The former president has been threatened with arrest by the nation's government if he returns to Pakistan.
Musharraf axes plan to return to Pakistan
DUBAI // Pervez Musharraf will not return to Pakistan as planned, his party said yesterday.
The announcement from the All Pakistan Muslim League (APML) came as the nation's government stood by its threat that the former president would be arrested upon arrival.
At a press conference in Dubai, the APML said the "political situation was not conducive" for Mr Musharraf to go back.
"The government, opposition and most of the stakeholders in the present political situation are engaged in a tussle, conflict with one another" said Mohammed Ali Saif, the APML secretary general.
Mr Musharraf, the party's founder, lives in Dubai but was not present yesterday. Earlier this month he told a rally in Karachi, via a video link, that he would return between January 27 and January 30 to take part in parliamentary elections in 2013.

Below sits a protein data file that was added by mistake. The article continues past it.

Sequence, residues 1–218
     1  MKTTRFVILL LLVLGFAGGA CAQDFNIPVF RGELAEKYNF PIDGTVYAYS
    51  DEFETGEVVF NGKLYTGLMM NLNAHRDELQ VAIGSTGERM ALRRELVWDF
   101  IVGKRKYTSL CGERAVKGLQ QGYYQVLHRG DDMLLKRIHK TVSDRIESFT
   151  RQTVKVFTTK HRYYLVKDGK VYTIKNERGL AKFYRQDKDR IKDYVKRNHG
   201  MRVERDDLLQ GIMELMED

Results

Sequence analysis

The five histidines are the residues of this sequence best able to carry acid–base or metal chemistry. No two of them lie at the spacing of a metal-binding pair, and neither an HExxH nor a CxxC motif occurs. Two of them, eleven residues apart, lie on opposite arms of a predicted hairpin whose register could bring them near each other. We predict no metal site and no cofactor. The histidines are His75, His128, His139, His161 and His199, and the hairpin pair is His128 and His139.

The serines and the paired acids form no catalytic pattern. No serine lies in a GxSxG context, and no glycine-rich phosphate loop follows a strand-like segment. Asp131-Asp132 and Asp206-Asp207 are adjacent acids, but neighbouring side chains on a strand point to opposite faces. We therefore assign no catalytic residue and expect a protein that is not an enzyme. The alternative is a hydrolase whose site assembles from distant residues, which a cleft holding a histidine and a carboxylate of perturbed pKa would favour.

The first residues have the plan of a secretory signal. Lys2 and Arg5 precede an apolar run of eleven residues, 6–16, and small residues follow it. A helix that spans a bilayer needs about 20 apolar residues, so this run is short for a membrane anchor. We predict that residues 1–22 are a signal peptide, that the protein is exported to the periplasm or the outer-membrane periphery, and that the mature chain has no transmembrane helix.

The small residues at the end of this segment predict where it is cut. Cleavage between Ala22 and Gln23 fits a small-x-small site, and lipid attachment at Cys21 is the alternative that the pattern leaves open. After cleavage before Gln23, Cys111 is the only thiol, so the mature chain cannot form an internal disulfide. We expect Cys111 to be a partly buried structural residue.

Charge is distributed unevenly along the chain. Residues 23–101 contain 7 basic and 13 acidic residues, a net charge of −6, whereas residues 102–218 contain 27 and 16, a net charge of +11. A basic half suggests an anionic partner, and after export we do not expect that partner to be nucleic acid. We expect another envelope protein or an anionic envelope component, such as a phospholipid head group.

"It is an institutional conflict. If he returns, it will provide an escape route to political parties and divert people's attention," Mr Saif said. He blamed the turbulence on the "memogate" scandal, concerning a memo that purportedly sought US help to prevent Pakistan's army from staging a possible coup.
"There is serious tension between the Supreme Court and the government," Mr Saif said, asserting that Mr Musharraf's delay had nothing to do with the arrest warnings.
The party said the former general would however return as soon as the turmoil ended.